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GatewayUCC announces Neurobell, part of the Gateway SPRINT Programme
GatewayUCC today announced details about Neurobell who are developing a pocket-sized EEG monitor which uses state-of-the-art electronics, artificial intelligence (AI) and signal processing algorithms.
GatewayUCC today announced details about Neurobell who are developing a pocket-sized EEG monitor which uses state-of-the-art electronics, artificial intelligence (AI) and signal processing algorithms. The wireless and battery-powered device can be easily connected to the patient with minimal delay and complexity. The AI algorithms provide medical staff with real-time diagnostic decision-support using visual and auditory alerts. Neurobell’s solution makes EEG monitoring available to a much wider demographic of medical staff, in any setting.
Brain injury in newborns occurs in up to 2% of all births, resulting in the death or disability of over 1 million infants globally each year, making it the fifth leading cause of death in children under five. Early identification of brain injury in newborns is vital as the therapeutic window, in which treatment is most efficacious, is less than six hours after the injury.
EEG monitors are used to monitor and diagnose brain function. However, existing EEG monitors are expensive, unwieldy and complex systems that rely on highly specialised medical staff to both prepare the patient for EEG recording and to interpret the data. This inhibits the use of EEG monitoring in many hospitals that simply do not have the expertise and equipment. In the hospitals where it is available, it suffers from long delays, resulting in potentially worse outcomes for the newborns.
About Mark O’Sullivan and Gateway SPRINT programme
With the support of his PhD supervisors, Dr. Emanuel Popovici, Dr. Andriy Temko and Prof. Geraldine Boylan, Mark began exploring the potential commercial value of my PhD work and the Neurobell EEG Monitor. However, I quickly realised that commercialising Neurobell required knowledge, expertise and insight that I did not have.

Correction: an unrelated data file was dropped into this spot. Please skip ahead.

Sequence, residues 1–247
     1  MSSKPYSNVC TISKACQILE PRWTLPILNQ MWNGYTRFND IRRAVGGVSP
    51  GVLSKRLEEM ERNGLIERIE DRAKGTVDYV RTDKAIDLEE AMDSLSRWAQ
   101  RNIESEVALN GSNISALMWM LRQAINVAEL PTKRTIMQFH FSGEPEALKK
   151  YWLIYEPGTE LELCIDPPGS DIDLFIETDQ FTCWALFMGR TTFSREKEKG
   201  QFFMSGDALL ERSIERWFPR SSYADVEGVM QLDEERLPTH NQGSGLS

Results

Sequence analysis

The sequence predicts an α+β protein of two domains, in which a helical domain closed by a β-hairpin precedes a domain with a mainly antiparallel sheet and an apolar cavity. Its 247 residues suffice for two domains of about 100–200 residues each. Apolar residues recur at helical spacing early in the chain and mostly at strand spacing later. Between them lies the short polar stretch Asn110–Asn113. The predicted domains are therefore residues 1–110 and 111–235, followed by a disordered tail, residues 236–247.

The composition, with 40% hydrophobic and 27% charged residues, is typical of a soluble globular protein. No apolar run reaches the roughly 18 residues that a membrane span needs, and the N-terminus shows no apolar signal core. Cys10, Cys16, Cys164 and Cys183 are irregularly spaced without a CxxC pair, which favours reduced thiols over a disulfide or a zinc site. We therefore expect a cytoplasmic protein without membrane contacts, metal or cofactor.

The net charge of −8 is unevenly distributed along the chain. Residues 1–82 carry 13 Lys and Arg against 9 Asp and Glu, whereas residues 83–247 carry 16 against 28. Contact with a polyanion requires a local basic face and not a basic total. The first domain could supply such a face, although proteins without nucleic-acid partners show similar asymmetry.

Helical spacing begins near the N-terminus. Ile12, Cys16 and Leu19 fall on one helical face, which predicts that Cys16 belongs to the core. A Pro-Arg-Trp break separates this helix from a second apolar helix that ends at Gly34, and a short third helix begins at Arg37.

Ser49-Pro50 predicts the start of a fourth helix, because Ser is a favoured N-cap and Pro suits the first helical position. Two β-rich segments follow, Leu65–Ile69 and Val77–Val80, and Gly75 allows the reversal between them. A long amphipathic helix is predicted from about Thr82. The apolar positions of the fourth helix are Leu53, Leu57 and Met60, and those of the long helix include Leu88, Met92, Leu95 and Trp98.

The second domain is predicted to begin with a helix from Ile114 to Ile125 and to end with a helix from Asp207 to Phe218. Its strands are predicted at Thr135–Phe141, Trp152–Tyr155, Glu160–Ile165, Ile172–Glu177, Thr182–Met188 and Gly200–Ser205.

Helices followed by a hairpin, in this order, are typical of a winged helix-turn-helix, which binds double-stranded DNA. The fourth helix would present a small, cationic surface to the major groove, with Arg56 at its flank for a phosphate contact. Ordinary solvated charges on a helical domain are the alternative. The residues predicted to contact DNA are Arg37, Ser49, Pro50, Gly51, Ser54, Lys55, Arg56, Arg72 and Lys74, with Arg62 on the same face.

Mark was accepted onto the Gateway SPRINT programme in November 2018. The first thing that struck me when beginning the SPRINT programme was the calibre of researchers from all disciplines in the programme with me, all striving to commercialise the outputs of their research. It was a great opportunity to learn in a multi-disciplinary environment, where we were encouraged to engage, practice and provide feedback on all aspects of our business ideas. Throughout the SPRINT programme, we had bi-weekly sessions where we covered topics such as accounting, funding, business models, pitching, amongst many more. Myriam does a great job finding the industry experts to cover these topics, which really accelerated the learning, helped me get up to speed and feeling confident pitching my business idea to anyone. Over the course of the programme, we had great sessions with the founders of a number of start-ups and spinouts. Having access to this insight and knowledge is extremely valuable and what I have learned in these sessions will benefit me throughout the commercialisation journey.
About Mark O’Sullivan Neurobell Founder
Mark is an IRC Postgraduate Scholar pursuing a PhD in Engineering on the Neurobell project in the Infant Research Centre and Embedded Systems Research Group.
Mark completed a Bachelors degree in Electrical and Electronic Engineering in UCC, where he gained interest in digital signal processing, embedded systems and audio applications. Mark obtained a Master’s of Science in Music and Technology in Cork School of Music in Cork Institute of Technology, writing a thesis on the research and development of a “smart hearing aid” that can be tuned using an android app. This spurred Mark’s interest in research, and led to him pursuing a PhD in UCC on the Neurobell project, which began as research in detecting seizures in newborns using audio signal processing methods, but quickly evolved in the research and development of a novel medical device for diagnosing brain injury in newborns.